Grief physically hurts. There is no denying it. Your heart aches and nothing can stop it. With time, it stops hurting so much and in a strange way you miss that physical pain that was the constant reminder of what you had lost.
You start to worry that the grief has consumed you so much that you are annoying people, and you try not to talk about it. I remember a close friend at college saying, "Aislinn, you rarely talk about it and you never cry. I'm really worried about you".
I had a real fear of looking weak, and a feeling I should have dealt with this already.
Don't annoy other people with your problems. I know now how wrong this was and how it stopped me from dealing with it.
Music in some ways was a great help. I could pour my heart out into my music. Then, there were the days I couldn't face even lifting my flute because I couldn't deal with having to feel anything. I was completely closed with regards to relationships. I eventually had a serious relationship at 26. I was still grieving so badly, I'm surprised he stayed.
I would lash out and close-up. I would still cry alone every day. Something would trigger it - maybe a song dad liked would come on the car radio and the tears would roll down my cheeks.
My college wasn't expecting me to return so quickly and I was told I would have to go for counselling. I was, of course, sceptical and thought this is a waste of my time: I'm fine, I don't need anyone's help. I just want to be left alone. I most certainly do not want to talk to someone about how I feel. It was like my worst nightmare.
The first session was awkward. I was quiet. I doubt I really said much at all. I didn't really want to go back. After a couple of sessions, I started to open up slowly about how I felt about this massive loss that I was not allowing myself to experience. I had a few sessions that I came out of feeling a huge sense of relief. Things that I'd no idea I felt would just come out of my mouth. Feelings of guilt and wishing I'd done things differently. Having someone, who's not a relative or friend, tell you that you did your best and everything you possibly could, was such a comfort to me. Counselling helped without a doubt, but for me personally, the grief process just took a really long time.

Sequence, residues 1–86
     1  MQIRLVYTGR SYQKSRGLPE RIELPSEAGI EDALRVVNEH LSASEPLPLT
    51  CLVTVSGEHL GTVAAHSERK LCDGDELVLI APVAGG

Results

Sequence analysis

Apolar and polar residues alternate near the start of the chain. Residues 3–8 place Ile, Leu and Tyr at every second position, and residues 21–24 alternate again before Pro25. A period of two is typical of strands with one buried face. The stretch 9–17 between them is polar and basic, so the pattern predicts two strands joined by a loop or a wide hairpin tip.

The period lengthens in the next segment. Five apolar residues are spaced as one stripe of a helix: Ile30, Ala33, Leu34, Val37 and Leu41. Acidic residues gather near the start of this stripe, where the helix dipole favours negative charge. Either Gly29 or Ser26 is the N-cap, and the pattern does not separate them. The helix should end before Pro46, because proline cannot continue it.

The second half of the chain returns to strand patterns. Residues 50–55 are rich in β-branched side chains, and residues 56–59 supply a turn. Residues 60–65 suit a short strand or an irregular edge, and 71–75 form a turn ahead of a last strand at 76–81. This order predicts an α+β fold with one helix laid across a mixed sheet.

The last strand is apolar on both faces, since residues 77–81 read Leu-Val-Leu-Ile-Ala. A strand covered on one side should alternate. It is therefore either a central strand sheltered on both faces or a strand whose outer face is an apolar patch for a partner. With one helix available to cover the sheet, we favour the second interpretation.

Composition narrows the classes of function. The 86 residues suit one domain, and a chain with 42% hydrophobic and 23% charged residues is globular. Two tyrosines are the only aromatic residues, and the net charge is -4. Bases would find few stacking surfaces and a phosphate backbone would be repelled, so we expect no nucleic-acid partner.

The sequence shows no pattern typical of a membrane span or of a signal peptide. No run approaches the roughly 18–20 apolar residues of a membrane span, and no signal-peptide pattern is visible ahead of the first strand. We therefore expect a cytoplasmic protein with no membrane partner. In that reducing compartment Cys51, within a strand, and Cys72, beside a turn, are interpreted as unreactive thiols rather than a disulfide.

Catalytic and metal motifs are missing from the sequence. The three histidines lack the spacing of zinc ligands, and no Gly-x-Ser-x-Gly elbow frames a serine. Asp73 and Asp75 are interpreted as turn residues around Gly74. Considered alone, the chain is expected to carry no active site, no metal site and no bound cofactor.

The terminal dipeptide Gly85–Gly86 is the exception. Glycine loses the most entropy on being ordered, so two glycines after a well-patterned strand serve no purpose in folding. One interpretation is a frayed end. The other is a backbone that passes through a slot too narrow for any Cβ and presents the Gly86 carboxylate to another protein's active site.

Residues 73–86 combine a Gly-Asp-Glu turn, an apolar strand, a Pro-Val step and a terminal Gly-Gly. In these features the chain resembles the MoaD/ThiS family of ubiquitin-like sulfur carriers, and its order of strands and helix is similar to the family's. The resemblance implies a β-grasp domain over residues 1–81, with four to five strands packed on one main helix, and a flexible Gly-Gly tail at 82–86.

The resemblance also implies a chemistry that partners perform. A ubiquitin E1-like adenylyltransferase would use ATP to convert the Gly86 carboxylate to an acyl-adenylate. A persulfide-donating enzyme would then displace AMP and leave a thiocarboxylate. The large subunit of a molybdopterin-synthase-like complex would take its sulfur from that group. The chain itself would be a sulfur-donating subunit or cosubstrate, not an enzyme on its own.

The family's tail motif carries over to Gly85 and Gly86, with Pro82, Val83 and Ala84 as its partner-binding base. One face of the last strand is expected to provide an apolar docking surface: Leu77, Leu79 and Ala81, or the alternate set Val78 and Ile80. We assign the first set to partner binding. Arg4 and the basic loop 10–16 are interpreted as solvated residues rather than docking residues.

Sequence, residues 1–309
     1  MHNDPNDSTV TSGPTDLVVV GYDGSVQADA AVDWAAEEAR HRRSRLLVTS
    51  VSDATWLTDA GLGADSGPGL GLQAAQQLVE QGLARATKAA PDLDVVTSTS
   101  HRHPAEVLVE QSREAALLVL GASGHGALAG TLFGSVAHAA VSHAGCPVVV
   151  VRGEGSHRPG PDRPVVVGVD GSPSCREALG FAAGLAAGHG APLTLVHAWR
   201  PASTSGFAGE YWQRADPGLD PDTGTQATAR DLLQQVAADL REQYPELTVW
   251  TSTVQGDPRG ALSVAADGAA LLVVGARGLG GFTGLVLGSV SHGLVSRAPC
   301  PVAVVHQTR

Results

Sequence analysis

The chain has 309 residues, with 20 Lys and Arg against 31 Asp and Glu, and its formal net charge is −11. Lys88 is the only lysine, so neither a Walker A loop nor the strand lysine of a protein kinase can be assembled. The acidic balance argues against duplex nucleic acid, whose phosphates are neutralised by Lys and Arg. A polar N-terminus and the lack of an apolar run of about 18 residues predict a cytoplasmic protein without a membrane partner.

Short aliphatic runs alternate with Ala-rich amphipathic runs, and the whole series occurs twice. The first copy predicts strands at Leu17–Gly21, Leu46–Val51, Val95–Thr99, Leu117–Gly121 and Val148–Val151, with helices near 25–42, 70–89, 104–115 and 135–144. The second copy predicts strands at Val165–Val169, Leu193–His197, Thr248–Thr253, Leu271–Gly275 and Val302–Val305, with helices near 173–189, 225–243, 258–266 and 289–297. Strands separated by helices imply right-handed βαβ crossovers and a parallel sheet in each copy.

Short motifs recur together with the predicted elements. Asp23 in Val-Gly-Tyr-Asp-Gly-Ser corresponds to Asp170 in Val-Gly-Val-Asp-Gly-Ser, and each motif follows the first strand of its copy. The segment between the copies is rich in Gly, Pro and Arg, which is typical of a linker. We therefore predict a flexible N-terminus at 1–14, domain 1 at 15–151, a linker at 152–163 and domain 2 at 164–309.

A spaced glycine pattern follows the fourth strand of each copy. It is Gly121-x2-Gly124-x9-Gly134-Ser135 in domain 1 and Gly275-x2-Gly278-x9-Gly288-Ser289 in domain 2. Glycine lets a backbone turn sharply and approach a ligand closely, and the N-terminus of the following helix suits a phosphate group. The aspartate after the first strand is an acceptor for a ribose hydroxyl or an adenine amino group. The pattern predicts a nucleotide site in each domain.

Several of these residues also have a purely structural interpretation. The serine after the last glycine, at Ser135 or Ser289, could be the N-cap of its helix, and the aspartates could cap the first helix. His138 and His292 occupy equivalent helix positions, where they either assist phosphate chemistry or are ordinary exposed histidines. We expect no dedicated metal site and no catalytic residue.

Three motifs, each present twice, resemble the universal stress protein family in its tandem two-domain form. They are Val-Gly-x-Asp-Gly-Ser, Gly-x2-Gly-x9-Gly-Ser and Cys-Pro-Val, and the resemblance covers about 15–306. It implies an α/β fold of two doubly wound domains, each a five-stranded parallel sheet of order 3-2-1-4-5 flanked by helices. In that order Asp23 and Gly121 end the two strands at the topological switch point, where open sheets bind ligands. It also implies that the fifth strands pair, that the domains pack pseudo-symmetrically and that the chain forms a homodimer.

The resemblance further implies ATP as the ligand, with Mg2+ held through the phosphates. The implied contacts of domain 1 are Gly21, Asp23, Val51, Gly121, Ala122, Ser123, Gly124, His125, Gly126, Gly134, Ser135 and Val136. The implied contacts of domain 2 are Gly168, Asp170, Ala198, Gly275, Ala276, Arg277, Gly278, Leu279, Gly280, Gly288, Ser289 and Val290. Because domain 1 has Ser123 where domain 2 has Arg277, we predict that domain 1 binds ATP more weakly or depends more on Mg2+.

I had good days; I had very bad days. At some point, when I wasn't even thinking about it, it just didn't hurt the way it did before. I always loved that line in the movie Fried Green Tomatoes about how 'a heart can be broken; but it keeps beating just the same'.
Personally, that sums up grief for me. It was exactly how I felt. You stumble on through life, feeling completely broken but eventually you learn to accept it. The loss is always right there with you, but you have learned to live with it.
Of course I still miss dad, but I'm in a good place in my life now and I have a beautiful daughter, Caoimhe, who completely changed my world. Dad missed so much of my life. He didn't see me graduate, he didn't walk me down the aisle on my wedding day and he never met his granddaughter. I talk to her everyday about her grandad Jim and how he's in heaven watching over her. He was such a huge character, I have plenty to tell her about him!
Like Prince Harry and Diana, dad and I were extremely close. I remember, even when I was as old as 17, I'd be walking around the shops and he'd have his arm around me or hold my hand. He was a big gentle giant. We would make breakfast every Saturday morning together for mum and my brother. It was our time together before I'd go to orchestra rehearsals and dance class.
We would have the radio on and be singing and joking together. I remember him as someone adored by everyone, so charismatic and fun to be around. People always gravitated to him.
I do worry that my memories of his face are slowly going with time - that my memory of his face is based on pictures rather than my own actual memories of him. I still hear his voice in my head. He often gives off to me!
Prince Harry said: 'Your life has fallen apart. You don't go back to being the person you were before'. I think that's very true. Your life is never going to be the same. Nothing will change that or can make it better. You have to learn to live with it.
Everyone says time is a great healer, and that is definitely true, but grief is a personal journey everyone does in their own time and at their own pace."
Belfast university student Rachel Dean (19) lost her father, Graham (47), to a heart complaint just days after her 18th birthday. She says:
Having never lost anyone before, I would never have believed that I would suddenly lose my dad, Graham, just a few days following my 18th birthday.
I was studying for my final sociology A-level exams when my mum, Anna, came to tell me that she had to ring an ambulance for my dad — he had terrible heart pains and we believed it was a heart attack.